Kentucky Decides to Appeal Domain Name Seizure Case
Kentucky, which has outlawed online gambling, was able to persuade a state judge last year that the domain names were illegal gambling devices under state law, and the judge issued the forfeiture order to registrars — not owners — of the domain names.
But an appeals court last month disagreed, 2-1, and the state government late last month filed its notice of appeal with the Kentucky Supreme Court.
“There’s certainly a possibility that the adult entertainment business could find themselves in the same spot as the online gambling industry,” John Krieger, a partner in the Las Vegas office of Phoenix-based Lewis and Roca, told XBIZ.
“I think it would make the lay of the land very uncertain for Internet businesses if Kentucky were to be allowed to seize domain names,” said Krieger, who is counsel to the Poker Players Alliance, which filed an amicus brief opposing Kentucky.
Krieger and other opponents argue that if Kentucky were to succeed in its last appeal, state officials on a website-by-website basis could make moral or other determinations as to whether they believe their residents should have access.
“For anyone who does business on the Internet, this could open up a Pandora’s box,” said Krieger, who noted that the Kentucky litigation is the first of its kind.
“It would make it much more uncertain for Internet businesses as to what conduct they could engage in and what jurisdiction and laws they would be subject to,” he said.
While the Kentucky appeal raises constitutional and other legal questions, the heart of the case for Internet business owners is the jurisdictional issue. It raises the question whether a state court has the authority or power to seize domain names when none of the domain owners is present in the state and all of the names are registered outside of the state.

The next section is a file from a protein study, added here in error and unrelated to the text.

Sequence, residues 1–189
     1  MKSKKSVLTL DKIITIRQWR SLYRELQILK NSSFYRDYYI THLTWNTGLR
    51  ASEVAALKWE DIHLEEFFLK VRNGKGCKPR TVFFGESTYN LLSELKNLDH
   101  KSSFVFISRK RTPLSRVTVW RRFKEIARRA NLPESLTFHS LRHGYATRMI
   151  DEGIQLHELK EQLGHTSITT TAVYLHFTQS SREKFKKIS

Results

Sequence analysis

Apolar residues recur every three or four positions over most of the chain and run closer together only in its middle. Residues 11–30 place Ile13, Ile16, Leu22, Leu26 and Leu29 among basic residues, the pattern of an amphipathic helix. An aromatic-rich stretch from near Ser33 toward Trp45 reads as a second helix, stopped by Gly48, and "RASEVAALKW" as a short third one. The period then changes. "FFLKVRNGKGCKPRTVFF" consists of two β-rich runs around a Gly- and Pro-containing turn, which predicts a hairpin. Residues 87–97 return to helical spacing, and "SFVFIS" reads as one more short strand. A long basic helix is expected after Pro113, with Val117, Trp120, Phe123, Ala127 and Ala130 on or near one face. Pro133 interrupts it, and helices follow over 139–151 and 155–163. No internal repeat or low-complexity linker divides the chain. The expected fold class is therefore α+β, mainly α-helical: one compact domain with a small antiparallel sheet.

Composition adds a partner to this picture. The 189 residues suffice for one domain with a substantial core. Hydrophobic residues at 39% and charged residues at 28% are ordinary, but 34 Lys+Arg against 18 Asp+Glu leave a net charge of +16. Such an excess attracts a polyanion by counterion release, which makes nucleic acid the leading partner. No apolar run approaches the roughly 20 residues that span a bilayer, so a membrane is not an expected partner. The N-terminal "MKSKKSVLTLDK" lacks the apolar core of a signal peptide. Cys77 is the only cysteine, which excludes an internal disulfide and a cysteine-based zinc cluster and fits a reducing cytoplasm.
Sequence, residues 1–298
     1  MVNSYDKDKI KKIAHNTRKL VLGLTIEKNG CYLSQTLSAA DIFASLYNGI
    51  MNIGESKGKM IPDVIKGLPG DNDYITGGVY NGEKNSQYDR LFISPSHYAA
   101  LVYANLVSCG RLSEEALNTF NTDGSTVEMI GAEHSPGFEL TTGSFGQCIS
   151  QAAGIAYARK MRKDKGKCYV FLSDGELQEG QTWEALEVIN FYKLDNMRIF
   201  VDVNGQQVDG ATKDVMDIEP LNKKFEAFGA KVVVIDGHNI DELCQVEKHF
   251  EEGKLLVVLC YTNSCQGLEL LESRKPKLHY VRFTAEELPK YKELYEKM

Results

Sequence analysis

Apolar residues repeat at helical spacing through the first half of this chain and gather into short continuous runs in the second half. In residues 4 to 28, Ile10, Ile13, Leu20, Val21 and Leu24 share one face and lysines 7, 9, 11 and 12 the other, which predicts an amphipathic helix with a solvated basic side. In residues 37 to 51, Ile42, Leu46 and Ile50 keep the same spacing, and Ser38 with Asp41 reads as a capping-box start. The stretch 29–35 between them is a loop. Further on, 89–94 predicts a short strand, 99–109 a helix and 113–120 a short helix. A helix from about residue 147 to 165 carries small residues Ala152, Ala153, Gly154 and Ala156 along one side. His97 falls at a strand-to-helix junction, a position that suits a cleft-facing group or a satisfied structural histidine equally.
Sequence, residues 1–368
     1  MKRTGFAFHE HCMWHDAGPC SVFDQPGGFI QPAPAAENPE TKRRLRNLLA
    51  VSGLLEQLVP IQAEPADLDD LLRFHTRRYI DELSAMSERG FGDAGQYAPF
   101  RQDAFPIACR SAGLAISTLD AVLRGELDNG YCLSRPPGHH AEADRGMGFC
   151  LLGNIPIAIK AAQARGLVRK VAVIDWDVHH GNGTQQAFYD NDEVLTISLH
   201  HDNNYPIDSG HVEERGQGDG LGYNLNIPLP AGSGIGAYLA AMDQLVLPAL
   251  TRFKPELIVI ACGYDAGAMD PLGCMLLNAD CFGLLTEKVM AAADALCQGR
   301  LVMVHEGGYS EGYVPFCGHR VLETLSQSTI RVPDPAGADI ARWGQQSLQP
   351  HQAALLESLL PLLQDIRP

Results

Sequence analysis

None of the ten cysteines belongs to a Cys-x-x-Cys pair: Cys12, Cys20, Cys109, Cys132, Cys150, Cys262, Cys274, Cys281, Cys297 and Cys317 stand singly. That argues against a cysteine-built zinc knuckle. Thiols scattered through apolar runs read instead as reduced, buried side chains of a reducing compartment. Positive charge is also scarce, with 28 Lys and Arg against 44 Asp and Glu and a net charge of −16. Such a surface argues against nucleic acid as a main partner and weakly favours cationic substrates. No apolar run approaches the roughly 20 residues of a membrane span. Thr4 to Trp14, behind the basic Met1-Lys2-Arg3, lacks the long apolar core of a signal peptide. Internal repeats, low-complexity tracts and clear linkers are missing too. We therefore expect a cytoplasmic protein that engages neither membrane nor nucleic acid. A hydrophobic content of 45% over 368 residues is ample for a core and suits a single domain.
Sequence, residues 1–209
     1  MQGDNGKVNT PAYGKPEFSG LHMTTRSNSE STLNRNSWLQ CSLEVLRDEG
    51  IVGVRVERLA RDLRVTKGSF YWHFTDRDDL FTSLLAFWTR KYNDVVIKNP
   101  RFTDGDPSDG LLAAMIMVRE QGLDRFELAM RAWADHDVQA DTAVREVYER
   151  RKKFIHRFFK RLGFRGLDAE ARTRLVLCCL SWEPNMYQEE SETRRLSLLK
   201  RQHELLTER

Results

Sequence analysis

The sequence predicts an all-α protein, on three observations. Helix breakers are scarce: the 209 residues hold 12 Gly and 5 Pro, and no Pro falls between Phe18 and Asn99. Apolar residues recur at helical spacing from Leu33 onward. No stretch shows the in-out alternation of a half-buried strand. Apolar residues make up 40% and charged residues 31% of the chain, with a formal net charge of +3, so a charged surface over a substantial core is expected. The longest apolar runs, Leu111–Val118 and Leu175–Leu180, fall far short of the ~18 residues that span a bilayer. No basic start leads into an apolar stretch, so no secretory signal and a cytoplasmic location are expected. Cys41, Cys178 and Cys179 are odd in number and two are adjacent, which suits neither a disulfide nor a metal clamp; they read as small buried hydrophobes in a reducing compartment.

Kentucky sought a civil forfeiture pursuant to a criminal statute — domain names are illegal gambling devices — when there had been no conviction.
The case also asks whether domain names are “property,” just links to or advertise other offshore gambling sites.
Krieger said the forfeiture orders were not sent to the domain owner-operators but to the domain name registrars.
He also said that Kentucky’s use of the forfeiture process was an attempt to get the domain name owners to appear at the forfeiture hearing.
“There were marshals at the hearing," he said. "And I have no doubt if they had shown up, they would have been arrested."
Network Solutions, which registered 20 of the 141 companies at issue, argued in an amicus brief that domain names were neither property nor gambling devices. The majority of courts that considered the question have found they are not property and domain names are essentially addresses and entail only contract, not property, rights, its amicus brief said.
Kentucky’s move to get a court order demanding forfeiture of the domain names mobilized strong reaction from associations and trade groups that represent the registrars of those domain names as well as from civil liberties groups such as the Center for Democracy and Technology, the Electronic Frontier Foundation and the American Civil Liberties Union.